If you take a look at the U.S. Army's new TV advertisements, you might catch some familiar faces and places. That's because parts of those commercials were filmed in the borderland area.
But its not just the deserts and mountains that are attracting the Army's film crew, its the soldiers themselves.
"El Paso offers a great variety, specifically for diversity, at Fort Bliss," said Cory Castaneda, from Casanova Pendrill Advertising, who is working on the Army's Hispanic recruiting initiative. "It represents a microcosm, if you will, of all the casting potential in the United States."
Castaneda pointed out that only 5 percent of Army officers were Hispanic, an under-represented number compared to the national Hispanic population which is about 12 percent.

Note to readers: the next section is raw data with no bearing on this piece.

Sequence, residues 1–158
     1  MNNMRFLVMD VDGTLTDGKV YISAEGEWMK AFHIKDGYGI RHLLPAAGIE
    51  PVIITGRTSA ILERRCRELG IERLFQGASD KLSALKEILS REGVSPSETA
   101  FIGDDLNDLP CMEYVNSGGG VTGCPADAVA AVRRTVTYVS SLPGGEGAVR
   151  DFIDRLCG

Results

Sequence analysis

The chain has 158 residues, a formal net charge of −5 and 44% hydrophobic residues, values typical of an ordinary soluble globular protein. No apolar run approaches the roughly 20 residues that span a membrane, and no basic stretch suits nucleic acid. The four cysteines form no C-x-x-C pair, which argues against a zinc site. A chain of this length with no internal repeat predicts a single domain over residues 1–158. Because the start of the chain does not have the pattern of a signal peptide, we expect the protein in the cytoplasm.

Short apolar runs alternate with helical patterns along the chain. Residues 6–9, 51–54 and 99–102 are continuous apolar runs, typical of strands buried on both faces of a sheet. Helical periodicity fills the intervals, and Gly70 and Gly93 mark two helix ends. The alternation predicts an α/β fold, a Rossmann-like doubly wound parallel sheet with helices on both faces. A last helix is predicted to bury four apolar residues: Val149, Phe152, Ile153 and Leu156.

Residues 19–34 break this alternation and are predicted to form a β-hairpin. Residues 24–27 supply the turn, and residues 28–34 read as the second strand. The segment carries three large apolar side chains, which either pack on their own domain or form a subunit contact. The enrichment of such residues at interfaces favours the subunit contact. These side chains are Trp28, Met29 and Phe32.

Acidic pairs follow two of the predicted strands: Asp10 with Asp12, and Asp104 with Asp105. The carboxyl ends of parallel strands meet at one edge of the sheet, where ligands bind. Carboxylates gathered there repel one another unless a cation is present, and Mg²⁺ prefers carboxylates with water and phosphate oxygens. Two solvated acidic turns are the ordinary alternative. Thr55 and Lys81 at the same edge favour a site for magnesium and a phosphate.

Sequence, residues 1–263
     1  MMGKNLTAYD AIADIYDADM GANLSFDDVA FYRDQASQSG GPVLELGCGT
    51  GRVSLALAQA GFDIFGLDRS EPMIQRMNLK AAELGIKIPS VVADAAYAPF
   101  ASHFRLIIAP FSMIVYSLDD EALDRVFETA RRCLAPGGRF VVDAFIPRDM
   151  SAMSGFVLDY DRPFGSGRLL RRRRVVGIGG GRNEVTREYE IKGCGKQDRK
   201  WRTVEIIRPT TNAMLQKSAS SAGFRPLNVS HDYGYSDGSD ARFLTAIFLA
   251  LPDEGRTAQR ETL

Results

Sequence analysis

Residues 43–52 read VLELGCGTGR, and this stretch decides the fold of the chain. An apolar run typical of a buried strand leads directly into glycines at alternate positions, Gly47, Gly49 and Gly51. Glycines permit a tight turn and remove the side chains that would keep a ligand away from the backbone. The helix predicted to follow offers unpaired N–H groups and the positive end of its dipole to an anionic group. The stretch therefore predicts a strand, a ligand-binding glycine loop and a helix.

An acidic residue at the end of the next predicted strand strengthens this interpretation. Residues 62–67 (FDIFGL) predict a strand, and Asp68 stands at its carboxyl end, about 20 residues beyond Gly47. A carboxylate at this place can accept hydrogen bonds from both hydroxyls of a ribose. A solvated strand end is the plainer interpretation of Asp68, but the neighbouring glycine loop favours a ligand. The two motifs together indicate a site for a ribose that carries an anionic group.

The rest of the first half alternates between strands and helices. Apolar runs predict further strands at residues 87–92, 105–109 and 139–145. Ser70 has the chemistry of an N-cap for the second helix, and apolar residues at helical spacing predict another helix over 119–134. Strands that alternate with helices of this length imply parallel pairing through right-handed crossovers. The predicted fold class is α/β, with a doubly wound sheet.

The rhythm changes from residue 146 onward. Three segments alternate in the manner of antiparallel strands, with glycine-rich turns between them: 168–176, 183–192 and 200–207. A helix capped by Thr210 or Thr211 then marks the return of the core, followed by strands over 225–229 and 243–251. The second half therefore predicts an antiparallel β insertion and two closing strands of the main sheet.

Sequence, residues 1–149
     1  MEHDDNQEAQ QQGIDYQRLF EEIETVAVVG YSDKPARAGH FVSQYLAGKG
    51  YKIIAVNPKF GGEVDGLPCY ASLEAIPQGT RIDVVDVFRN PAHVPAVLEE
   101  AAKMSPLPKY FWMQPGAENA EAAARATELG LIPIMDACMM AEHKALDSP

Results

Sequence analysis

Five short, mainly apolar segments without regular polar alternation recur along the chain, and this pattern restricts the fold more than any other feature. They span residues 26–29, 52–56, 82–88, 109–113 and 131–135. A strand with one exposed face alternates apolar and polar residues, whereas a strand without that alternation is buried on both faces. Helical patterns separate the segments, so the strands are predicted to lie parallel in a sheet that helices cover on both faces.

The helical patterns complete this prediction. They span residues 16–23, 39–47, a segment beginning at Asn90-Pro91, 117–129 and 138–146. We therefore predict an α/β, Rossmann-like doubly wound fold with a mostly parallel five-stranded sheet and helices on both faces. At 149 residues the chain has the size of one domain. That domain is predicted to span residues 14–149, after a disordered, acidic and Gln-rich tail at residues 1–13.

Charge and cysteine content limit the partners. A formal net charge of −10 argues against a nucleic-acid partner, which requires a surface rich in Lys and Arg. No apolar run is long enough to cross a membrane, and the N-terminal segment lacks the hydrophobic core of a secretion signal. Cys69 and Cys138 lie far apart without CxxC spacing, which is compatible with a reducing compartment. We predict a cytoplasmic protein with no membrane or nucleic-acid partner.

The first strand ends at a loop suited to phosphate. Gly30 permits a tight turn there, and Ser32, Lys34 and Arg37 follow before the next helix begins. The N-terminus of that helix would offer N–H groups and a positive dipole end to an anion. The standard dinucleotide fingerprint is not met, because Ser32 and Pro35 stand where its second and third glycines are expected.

Castaneda said the same statistics apply for African Americans, but the Army hopes that can change through commercials that better reflect America's demographics.
"We want the Army to reflect America, and often times there are groups underrepresented in our leadership ranks," Maj. Miles Caggins said.
Real soldiers are already being cast for the next commercial at Fort Bliss, with roles already reserved for Hispanic and African American officers.
Maj. Gen. Dana Pittard, Fort Bliss' commander, said he was pleased with the decision to film more commercials on base, and praised all the troops involved.
"We're very honored and proud of the fact that the Army has recognized that Fort Bliss is the place where we would want to shoot commercial, because the kind of soldiers we have here are the best soldiers in the Army," Pittard said.